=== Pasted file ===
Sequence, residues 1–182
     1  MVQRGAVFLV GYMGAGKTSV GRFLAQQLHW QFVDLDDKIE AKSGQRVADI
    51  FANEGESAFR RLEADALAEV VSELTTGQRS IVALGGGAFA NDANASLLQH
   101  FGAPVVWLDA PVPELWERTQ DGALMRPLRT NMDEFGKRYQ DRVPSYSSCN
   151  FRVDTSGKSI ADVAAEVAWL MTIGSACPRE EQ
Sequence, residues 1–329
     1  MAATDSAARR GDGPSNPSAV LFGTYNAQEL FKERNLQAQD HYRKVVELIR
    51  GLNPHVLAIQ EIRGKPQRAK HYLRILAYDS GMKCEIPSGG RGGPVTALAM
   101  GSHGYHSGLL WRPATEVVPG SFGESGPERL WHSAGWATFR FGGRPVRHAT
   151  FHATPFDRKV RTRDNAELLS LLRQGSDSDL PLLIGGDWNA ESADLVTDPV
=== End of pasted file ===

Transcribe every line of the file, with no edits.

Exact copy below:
Sequence, residues 1–182
     1  MVQRGAVFLV GYMGAGKTSV GRFLAQQLHW QFVDLDDKIE AKSGQRVADI
    51  FANEGESAFR RLEADALAEV VSELTTGQRS IVALGGGAFA NDANASLLQH
   101  FGAPVVWLDA PVPELWERTQ DGALMRPLRT NMDEFGKRYQ DRVPSYSSCN
   151  FRVDTSGKSI ADVAAEVAWL MTIGSACPRE EQ
Sequence, residues 1–329
     1  MAATDSAARR GDGPSNPSAV LFGTYNAQEL FKERNLQAQD HYRKVVELIR
    51  GLNPHVLAIQ EIRGKPQRAK HYLRILAYDS GMKCEIPSGG RGGPVTALAM
   101  GSHGYHSGLL WRPATEVVPG SFGESGPERL WHSAGWATFR FGGRPVRHAT
   151  FHATPFDRKV RTRDNAELLS LLRQGSDSDL PLLIGGDWNA ESADLVTDPV